Permanent life insurance 101
Last updated: January 1
Permanent life insurance policies offer a death benefit and cash value. The death benefit is money that's paid to your beneficiaries when you pass away. Cash value is a separate savings component that you may be able to access while you're still alive.¹ Permanent life insurance lasts from the time you buy a policy to the time you pass away, as long as you pay the required premiums.
What is the difference between term and permanent life insurance?
Basic features of permanent life policies
An essential feature of most permanent life policies is a savings portion known as cash value. Cash value accumulates over time as you make regular payments toward your policy (these payments are known as premiums). You can typically borrow against your policy's cash value, which accumulates on a tax-deferred basis.1 The cash value is different from the policy's death benefit. While the cash value is a savings that accumulates over time, the death benefit is the amount of money that your designated beneficiary will receive upon your death. If you cancel your life insurance policy, you will get the accrued cash value. However, you could be assessed a surrender charge for cancellation early in your policy, so be sure to check with your agent first.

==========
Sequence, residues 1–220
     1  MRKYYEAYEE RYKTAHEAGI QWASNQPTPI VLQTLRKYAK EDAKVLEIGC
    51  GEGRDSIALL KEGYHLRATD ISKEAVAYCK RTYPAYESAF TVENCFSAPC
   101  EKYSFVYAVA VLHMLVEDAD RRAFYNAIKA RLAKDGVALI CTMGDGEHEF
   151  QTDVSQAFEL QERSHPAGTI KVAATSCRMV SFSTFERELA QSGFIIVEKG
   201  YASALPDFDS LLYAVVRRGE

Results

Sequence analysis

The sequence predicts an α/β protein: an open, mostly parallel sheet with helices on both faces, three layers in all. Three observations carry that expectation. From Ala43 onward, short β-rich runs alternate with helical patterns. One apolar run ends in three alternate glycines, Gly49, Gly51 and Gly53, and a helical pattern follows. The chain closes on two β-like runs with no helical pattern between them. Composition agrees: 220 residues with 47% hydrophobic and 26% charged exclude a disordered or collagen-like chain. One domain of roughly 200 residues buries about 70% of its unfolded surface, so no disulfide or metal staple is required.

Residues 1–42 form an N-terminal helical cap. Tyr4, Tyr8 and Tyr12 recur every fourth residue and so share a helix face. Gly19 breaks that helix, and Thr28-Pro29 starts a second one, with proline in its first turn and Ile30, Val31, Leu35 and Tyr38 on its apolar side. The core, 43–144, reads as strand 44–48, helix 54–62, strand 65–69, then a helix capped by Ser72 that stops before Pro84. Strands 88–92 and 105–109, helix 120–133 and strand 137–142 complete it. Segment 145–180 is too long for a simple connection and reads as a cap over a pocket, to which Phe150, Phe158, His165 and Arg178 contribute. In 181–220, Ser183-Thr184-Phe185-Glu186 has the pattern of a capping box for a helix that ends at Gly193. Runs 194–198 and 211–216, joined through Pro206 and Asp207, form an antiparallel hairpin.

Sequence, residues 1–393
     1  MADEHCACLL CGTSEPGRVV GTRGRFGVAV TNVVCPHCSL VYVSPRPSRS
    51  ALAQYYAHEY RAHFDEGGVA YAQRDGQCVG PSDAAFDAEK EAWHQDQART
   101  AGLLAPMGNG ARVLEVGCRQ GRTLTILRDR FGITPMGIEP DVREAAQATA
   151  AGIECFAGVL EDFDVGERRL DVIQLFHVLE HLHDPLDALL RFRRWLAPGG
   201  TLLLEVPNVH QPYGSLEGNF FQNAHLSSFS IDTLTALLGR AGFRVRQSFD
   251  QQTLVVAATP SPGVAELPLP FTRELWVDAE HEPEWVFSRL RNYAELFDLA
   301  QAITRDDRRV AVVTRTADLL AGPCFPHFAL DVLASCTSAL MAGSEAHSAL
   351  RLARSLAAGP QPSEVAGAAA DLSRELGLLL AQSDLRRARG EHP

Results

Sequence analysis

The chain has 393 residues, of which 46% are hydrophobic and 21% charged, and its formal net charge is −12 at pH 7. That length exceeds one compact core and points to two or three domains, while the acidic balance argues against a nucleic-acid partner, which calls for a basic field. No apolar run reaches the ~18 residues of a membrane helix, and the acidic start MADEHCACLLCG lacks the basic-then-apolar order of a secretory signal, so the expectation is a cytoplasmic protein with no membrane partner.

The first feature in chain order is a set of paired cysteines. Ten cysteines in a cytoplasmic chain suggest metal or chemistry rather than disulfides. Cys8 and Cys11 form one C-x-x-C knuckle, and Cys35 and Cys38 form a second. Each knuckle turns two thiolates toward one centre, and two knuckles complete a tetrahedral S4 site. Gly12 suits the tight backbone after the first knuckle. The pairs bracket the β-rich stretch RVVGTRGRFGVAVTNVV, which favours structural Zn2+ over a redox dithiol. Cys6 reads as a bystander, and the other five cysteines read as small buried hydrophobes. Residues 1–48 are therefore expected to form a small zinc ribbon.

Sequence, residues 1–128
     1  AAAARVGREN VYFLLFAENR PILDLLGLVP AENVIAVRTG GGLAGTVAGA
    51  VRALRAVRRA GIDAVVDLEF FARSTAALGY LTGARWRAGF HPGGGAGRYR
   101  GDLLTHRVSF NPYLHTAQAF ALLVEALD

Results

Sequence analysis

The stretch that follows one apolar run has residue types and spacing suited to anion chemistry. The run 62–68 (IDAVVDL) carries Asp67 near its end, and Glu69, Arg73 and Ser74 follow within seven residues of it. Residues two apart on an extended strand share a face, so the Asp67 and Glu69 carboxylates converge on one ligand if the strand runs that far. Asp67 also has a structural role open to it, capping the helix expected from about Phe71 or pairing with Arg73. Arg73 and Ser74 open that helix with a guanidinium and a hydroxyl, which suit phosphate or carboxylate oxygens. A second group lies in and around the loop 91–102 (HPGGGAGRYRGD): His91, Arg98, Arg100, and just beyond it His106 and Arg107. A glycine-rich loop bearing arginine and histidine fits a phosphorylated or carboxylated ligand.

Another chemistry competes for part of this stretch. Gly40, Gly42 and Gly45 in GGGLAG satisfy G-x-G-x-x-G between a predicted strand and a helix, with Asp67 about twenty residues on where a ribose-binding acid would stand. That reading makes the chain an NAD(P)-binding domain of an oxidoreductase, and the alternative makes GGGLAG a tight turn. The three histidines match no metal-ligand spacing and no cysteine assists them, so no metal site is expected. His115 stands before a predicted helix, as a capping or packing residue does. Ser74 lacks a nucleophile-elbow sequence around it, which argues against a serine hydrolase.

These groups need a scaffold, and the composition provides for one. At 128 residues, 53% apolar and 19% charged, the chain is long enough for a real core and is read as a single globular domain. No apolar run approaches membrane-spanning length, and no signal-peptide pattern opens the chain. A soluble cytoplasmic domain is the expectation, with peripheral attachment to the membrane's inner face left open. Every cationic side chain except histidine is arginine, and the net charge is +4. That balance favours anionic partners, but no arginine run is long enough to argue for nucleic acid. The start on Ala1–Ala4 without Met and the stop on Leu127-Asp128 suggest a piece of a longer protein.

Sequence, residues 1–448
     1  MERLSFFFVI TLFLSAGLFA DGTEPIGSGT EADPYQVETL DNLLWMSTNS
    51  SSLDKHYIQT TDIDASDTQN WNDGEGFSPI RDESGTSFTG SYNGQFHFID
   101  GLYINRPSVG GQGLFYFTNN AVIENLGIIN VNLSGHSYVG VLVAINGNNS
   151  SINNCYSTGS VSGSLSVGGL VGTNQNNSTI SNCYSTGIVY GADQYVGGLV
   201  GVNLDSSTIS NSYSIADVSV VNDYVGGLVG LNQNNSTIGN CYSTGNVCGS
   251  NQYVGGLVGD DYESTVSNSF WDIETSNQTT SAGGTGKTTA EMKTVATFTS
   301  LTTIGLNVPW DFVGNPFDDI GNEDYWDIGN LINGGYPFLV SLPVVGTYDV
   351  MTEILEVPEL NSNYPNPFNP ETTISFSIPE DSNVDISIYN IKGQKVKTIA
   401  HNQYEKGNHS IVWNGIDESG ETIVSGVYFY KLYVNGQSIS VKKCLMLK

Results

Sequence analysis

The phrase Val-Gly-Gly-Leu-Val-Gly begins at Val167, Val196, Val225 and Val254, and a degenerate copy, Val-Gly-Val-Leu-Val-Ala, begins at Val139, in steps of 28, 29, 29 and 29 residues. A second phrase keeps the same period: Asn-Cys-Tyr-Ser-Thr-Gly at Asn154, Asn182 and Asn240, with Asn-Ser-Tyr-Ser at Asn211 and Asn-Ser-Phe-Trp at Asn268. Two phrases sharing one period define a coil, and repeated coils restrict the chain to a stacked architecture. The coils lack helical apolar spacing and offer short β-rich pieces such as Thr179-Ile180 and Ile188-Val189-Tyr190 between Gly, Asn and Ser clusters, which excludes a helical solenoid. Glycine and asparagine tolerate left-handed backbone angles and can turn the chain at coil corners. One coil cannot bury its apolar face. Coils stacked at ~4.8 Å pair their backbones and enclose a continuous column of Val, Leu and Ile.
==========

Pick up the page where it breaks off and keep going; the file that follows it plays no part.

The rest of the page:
Types of permanent life insurance
Though all forms of permanent life insurance are designed to be kept for the remainder of your life, there are several differences among the types of policies. Consider these common forms of permanent life insurance and their unique features:
- Whole life insurance is the most common type of permanent life insurance, according to the Insurance Information Institute (III). Typically, a whole life policy's premiums and death benefit stay fixed for the duration of the policy. Whole life policies have a guaranteed rate of return, according to Life Happens. That means the cash value of a whole life policy is guaranteed to earn a minimum amount of interest. Some whole life policies also pay out dividends. You may use dividends to reduce premiums, receive them as cash or leave them to accumulate interest.
- Universal life insurance offers greater flexibility than whole life policies, says the III. For instance, universal policies may allow you to increase your death benefit² or reduce your monthly premiums once you accumulate sufficient cash value in your policy. Understand, however, that if you use up your cash value by applying it to premium payments, your policy may lapse.
- Variable universal life insurance³ policies typically include a variety of investment options that may help increase the cash value of your policy. The III advises, however, that investment losses can also reduce the policy's cash value and, subsequently, its death benefit. Variable universal life policies also offer adjustable death benefit and premiums.
- Indexed universal life insurance comes with no fixed interest rate on your cash value, which could increase the potential for greater gains or losses from your investments. On the other hand, most indexed universal life policies also include a minimum interest rate guarantee.
Permanent life insurance can be an important tool to help secure your family's financial future. Have questions about the different types of policies? Get in touch with a life insurance agent, who can help you assess the options and choose a policy that's right for you.